I've (approximately) heard that:

bagging is a technique to reduce the variance of an predictor/estimator/learning algorithm.

However, I have never seen a formal mathematical proof of this statement. Does anyone know why this is mathematically true? It just seems to be such a widely accepted/known fact, that I'd expect a direct reference to this. I'd be surprised if there is non. Also, does anyone know what effect this has on the bias?

Are there any other theoretical guarantees of approaches bagging that anyone knows and thinks is important and wants to share it?


1 Answer 1


The main use-case for bagging is reducing variance of low-biased models by bunching them together. This was studied empirically in the landmark paper "An Empirical Comparison of Voting Classification Algorithms: Bagging, Boosting, and Variants" by Bauer and Kohavi. It usually works as advertised.

However, contrary to popular belief, bagging is not guaranteed to reduce the variance. A more recent and (in my opinion) better explanation is that bagging reduces the influence of leverage points. Leverage points are those that disproportionately affect the resulting model, such as outliers in least-squares regression. It is rare but possible for leverage points to positively influence resulting models, in which case bagging reduces performance. Have a look at "Bagging equalizes influence" by Grandvalet.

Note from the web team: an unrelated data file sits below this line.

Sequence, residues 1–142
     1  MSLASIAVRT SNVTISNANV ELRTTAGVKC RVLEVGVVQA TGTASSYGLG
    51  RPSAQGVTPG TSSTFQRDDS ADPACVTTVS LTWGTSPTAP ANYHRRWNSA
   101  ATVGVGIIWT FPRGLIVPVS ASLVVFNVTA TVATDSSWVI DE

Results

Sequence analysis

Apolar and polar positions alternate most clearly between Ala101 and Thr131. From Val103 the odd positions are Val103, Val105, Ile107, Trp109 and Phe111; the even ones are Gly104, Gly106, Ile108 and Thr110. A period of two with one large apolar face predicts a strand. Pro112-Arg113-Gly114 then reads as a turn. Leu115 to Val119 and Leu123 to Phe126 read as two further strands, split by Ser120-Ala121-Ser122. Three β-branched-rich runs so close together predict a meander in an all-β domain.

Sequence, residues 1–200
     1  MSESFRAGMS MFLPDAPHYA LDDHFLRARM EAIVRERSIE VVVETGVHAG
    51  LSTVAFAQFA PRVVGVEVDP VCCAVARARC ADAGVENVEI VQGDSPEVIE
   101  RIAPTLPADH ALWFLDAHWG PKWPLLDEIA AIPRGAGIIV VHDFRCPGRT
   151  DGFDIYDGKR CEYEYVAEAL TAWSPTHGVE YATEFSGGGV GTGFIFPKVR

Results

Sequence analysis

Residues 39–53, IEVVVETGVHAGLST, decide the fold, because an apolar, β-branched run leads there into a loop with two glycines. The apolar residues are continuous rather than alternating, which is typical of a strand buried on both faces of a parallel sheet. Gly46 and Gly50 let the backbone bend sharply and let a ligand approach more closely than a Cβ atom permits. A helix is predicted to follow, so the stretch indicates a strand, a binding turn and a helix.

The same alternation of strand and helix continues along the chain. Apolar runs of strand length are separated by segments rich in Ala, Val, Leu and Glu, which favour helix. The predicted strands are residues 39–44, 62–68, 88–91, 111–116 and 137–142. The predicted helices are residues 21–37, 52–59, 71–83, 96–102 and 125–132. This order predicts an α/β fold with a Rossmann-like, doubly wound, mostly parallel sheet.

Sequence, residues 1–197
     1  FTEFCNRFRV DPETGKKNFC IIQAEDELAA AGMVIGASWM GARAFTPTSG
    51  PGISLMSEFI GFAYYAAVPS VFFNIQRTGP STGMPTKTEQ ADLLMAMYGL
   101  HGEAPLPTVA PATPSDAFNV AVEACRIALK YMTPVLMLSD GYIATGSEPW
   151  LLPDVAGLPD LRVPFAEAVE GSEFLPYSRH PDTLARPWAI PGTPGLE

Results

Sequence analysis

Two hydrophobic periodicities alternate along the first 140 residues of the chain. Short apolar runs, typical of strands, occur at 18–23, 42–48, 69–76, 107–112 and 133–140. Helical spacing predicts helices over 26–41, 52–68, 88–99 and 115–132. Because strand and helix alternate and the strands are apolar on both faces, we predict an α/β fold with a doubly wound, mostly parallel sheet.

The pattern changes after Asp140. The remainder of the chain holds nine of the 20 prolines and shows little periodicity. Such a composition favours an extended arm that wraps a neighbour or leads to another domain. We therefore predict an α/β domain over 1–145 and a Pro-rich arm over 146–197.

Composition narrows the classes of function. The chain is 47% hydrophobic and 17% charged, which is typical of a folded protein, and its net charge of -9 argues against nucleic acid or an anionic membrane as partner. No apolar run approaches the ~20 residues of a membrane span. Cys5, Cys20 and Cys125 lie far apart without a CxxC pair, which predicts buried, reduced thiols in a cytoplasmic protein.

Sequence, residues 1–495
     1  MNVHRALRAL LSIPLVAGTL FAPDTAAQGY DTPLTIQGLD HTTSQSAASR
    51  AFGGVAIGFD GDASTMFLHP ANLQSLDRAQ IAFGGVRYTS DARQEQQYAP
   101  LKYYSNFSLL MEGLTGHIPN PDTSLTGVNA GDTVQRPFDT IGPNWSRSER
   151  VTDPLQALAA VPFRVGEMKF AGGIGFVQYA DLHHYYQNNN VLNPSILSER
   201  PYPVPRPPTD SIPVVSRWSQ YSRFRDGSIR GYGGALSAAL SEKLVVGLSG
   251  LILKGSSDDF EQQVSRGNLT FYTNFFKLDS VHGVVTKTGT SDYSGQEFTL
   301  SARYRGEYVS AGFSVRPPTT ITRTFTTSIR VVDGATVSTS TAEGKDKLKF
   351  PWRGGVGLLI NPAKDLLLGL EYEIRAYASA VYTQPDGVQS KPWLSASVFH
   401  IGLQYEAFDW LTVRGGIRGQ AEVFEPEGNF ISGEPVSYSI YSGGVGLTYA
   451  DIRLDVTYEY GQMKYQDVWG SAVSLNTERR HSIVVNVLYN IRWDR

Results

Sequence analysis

So, to finally answer your question: the effect of bagging largely depends on leverage points. Few theoretical guarantees exist, except that bagging linearly increases computation time in terms of bag size! That said, it is still a widely used and very powerful technique. When learning with label noise, for instance, bagging can produce more robust classifiers.

Rao and Tibshirani have given a Bayesian interpretation in "The out-of-bootstrap method for model averaging and selection":

In this sense, the bootstrap distribution represents an (approximate) nonparametric, non-informative posterior distribution for our parameter. But this bootstrap distribution is obtained painlessly- without having to formally specify a prior and without having to sample from the posterior distribution. Hence we might think of the bootstrap distribution as a poor man's" Bayes posterior.

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    $\begingroup$ How does the 'leverage points' explanation apply to trees, which are often recommended for bagging? While it's clear what high leverage points are for linear regression, what are these points for trees? $\endgroup$
    – DavidR
    Commented Mar 17, 2015 at 20:18
  • $\begingroup$ found another reference to this question: quora.com/… what do u think? does this contradict the fact u said it doesn't reduce the variance theoretically? $\endgroup$ Commented Mar 21, 2015 at 18:46
  • $\begingroup$ I saw that wikipedia says that bagging (aka bootstrap aggregation) lowers variance. If there is no theoretical evidence for this, does this mean that the article is wrong? $\endgroup$ Commented Feb 16, 2016 at 21:16
  • $\begingroup$ In most cases, bagging does lower variance but that's not its actual mechanism. Grandvalet has shown examples where it increases variance, and illustrated that the mechanism is closer related to equalizing influence of data points that strongly affect the model, such as outliers in least-squares regression, which in most cases reduces variance. $\endgroup$ Commented Feb 17, 2016 at 7:38

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